Under the rubric of Drawing Or How To Get it On, Whiteley documented the qualities of the different instruments with which he created his drawings, contrasting the sensitive harmonics of pen and ink, of which he said the rapier and scalpel are cousins, with the properties of the brush.6 The brush, he noted, will do anything its asked. Ive even seen it do a few things its told,7 pointing to the technical prowess required to wield such an instrument in order to produce the slithering calligraphy which was the artists aim.8

Drawing for Whiteley was neither a quiet nor a contemplative process. Line flowed from movement, with the artists energy directly fuelling the production of his work, which was often accompanied by loud music and shots of whisky to set the pace. Fellow artist Garry Shead observed the sheer physicality of Whiteleys drawing process, stating that He drew speedily. He didnt ponder. The whole drawing thing by him was quite balletic. It involved dancing, standing back and posingNot self-consciously a beautiful style, it was.9

In Reclining Nude 1991 the languid lines of the elongated central form seemingly uncoil before us, evoking the subjects first stirrings from slumber. Marks representing creases in the bed linen are at right angles to those of the figure, further emphasising the bodys movement as its muscles tense and stretch, heralding the transition from sleep into a state of tenuous wakefulness.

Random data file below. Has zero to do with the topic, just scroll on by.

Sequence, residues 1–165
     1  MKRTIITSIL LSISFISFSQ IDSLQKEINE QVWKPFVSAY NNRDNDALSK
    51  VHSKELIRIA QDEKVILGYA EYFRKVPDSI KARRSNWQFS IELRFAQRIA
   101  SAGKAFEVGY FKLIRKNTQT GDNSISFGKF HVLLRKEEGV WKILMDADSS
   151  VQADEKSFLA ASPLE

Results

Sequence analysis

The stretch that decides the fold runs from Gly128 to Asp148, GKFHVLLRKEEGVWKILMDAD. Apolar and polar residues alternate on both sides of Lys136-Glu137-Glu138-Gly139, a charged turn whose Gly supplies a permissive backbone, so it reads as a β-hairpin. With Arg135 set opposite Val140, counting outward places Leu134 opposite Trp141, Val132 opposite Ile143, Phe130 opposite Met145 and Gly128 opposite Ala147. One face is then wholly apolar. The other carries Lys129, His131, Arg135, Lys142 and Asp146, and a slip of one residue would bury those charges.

The current work was created when the artist was no longer residing at Lavender Bay, but living instead at his studio in Surry Hills. It is tantalising to speculate about the identity of the central figure and given the context in which Reclining Nude 1991 was created, it is probably Janice Spencer, the artists girlfriend of later years who resided with him.

However, the importance of this work lies more in what it represents than whom it depicts. As Lou Klepac observes in his 2014 publication regarding the artists drawings, A poem is compressed language; in the same way a good drawing is a compressed experience.10 In Whiteleys case, the compression is due to the speed and fluency with which he worked, in addition to the act of depicting a moment in time in a tangible, two dimensional form.
In Reclining Nude 1991 the artist fluidly apprehends just such a moment on an imposing scale using a medium in which he excelled.

The author gratefully acknowledges the assistance of Barry Pearce.

1. Pearce, B., Brett Whiteley: Art & Life, Art Gallery of New South Wales, Sydney, 1995, p.20
2. Dickins, B., Black & Whiteley: Barry Dickins in Search of Brett, Hardie Grant Books, South Yarra, Vic, 2002, p.4
3. Hawley, J., Brett Whiteley: The Art of the Warrior, Good Weekend, 17 February 1990, p.19
4. McGrath, S., Brett Whiteley (revised edition), Angus & Robertson, Pymble, NSW, 1992, p.191
5. James Gleeson interview with Brett Whiteley, National Gallery of Australia, 15 May 1979, quoted in Klepac, L., Brett Whiteley Drawings, The Beagle Press, Sydney, 2014, p.21
6. Klepac, p.9
7. ibid
8. Brett Whiteley, letter to Professor Bernard Smith, Lavender Bay, 27 March 1972, quoted in Klepac, L., p.16
9. Dickins, p.60
10. Klepac, p.23

Anne Phillips BA (Hons), MA